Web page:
To make this teatime snack, he ferments leftover cooked rice in a single day in water. Within the morning, he drains and sun-dries the rice till it’s crisp, then roasts it for about 20 minutes in a skillet on a low flame, till it turns brown.

After I made bathtub aggala not too long ago, I roasted the rice for 5 to eight minutes and switched off the range earlier than it modified color, so it stayed white. Do as you want, roasting for longer offers aggala a  golden-brown color and nutty flavour.

Utilizing a pestle and mortar, my father grinds the nice and cozy, roasted rice till he will get an uneven texture with items of damaged rice that add a pleasant crunch. You should use an electrical grinder as I do, simply don’t grind it into powder.

Take 250g of this floor rice and add about 100g of grated coconut, half a cup of sugar, half a teaspoon of salt, and half a cup of water. Combine it effectively along with your palms and form it into little balls. Some folks choose a little bit of a spice kick to their aggala, which is definitely accomplished by sprinkling a touch of black pepper into the combination.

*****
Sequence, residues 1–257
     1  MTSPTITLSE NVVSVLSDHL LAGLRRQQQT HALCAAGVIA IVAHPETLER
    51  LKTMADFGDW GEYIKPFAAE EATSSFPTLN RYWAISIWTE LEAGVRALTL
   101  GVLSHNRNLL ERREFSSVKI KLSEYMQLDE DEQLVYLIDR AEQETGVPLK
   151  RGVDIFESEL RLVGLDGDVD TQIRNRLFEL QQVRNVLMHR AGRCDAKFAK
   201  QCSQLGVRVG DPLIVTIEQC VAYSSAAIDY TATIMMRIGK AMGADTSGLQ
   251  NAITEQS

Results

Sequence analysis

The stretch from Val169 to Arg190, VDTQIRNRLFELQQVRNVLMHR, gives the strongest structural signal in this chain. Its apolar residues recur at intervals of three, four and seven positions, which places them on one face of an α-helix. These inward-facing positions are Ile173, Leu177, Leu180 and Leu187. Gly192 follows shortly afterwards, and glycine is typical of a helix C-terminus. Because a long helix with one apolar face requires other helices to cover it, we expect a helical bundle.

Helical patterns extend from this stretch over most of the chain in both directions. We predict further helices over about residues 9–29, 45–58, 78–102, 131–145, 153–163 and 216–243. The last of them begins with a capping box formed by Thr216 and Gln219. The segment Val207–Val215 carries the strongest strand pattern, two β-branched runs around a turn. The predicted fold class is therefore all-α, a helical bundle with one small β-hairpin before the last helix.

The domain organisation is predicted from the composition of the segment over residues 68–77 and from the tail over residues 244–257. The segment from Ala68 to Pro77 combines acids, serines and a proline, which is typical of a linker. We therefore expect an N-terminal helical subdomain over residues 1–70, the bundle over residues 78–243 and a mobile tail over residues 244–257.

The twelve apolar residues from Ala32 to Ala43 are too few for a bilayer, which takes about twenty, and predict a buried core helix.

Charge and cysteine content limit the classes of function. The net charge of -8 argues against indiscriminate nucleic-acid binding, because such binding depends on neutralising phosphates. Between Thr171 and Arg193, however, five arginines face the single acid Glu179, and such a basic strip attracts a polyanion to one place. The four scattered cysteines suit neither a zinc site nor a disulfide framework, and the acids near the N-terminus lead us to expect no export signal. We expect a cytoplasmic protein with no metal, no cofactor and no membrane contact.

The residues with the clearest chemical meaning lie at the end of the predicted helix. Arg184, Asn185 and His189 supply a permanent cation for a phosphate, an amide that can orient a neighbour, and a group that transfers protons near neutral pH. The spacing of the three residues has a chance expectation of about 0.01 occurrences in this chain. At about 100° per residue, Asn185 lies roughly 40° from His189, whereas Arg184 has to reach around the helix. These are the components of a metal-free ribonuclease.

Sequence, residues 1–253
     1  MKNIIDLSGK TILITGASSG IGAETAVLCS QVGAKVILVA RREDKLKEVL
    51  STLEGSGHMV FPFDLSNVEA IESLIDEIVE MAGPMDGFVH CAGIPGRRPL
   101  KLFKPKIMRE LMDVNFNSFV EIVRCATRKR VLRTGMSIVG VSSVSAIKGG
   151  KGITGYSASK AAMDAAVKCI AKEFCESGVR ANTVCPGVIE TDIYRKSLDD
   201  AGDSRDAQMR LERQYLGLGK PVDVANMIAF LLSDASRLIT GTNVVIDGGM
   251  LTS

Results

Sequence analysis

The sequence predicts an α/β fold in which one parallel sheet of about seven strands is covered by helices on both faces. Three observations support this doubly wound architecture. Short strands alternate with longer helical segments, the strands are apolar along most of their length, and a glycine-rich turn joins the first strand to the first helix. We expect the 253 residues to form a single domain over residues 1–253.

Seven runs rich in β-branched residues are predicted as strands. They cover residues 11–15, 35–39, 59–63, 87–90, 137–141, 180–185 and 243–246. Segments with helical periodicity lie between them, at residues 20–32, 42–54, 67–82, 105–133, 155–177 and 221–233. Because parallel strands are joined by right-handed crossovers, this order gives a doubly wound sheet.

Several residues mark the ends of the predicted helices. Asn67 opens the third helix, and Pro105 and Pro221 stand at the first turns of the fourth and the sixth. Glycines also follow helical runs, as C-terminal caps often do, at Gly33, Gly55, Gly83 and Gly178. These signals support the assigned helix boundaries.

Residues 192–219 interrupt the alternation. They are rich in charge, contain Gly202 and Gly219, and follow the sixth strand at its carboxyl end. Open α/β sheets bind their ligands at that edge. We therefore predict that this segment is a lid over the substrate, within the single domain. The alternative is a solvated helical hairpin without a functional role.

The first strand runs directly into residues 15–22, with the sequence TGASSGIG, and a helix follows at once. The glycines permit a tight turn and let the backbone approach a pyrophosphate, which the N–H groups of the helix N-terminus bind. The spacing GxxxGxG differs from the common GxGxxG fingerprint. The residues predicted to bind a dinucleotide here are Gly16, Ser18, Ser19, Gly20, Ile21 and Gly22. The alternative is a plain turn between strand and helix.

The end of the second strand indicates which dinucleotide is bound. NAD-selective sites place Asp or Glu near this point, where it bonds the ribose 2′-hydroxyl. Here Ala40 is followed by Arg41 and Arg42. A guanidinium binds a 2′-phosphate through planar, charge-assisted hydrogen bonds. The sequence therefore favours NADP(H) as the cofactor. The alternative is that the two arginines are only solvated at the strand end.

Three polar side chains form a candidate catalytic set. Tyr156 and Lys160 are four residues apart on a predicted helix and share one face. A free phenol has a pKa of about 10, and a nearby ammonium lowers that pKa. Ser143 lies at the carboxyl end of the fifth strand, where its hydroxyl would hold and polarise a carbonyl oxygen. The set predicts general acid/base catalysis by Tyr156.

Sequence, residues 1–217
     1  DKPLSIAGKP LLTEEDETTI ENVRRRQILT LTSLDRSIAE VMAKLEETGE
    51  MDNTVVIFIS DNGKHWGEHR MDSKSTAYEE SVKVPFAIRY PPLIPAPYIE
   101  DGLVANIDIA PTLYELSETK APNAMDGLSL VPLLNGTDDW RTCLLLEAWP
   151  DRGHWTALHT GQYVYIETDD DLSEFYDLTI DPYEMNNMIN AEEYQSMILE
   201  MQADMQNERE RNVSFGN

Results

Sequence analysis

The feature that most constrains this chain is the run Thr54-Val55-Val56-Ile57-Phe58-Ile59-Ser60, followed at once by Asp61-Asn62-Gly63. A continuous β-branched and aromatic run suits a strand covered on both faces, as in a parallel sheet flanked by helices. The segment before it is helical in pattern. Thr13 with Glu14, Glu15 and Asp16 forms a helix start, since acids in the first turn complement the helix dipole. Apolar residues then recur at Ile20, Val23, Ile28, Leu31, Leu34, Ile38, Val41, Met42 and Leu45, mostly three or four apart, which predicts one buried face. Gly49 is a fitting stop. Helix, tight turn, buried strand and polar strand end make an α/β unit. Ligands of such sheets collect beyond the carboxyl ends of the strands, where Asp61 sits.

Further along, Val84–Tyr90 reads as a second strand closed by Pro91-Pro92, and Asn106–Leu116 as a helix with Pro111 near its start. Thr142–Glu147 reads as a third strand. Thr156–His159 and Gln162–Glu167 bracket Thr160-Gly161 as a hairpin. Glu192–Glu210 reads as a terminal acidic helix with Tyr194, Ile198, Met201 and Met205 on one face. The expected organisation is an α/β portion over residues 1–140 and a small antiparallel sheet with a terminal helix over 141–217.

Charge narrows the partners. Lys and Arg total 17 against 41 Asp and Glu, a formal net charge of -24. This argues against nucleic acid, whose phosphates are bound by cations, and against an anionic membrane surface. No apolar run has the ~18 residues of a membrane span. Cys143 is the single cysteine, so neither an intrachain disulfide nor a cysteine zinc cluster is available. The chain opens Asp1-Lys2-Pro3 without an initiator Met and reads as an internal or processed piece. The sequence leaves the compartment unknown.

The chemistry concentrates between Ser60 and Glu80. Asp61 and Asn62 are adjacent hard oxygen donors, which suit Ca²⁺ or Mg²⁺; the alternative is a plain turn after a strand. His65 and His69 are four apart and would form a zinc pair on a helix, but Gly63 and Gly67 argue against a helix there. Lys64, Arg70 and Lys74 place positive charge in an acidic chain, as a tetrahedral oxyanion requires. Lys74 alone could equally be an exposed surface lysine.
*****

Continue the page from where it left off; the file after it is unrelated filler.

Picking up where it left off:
As soon as prepared, all the time serve with a cup of tea.

A view of palm trees on the far shore of a river with two colourful boats docked to the shore
Like rice, coconut makes up a big chunk of Sri Lankan delicacies. Picture taken in Koggala [Nathan Mahendra/Al Jazeera]

My father’s bathtub aggala is an affidavit to Sri Lanka’s longstanding relationship with rice. It bears witness to the island’s usually troubled historical past and current, twisted and framed by politics and financial pursuits.

The street to restoration is lengthy. However for now, I’d prefer to be lulled into candy teatimes at residence. One bathtub aggala at a time.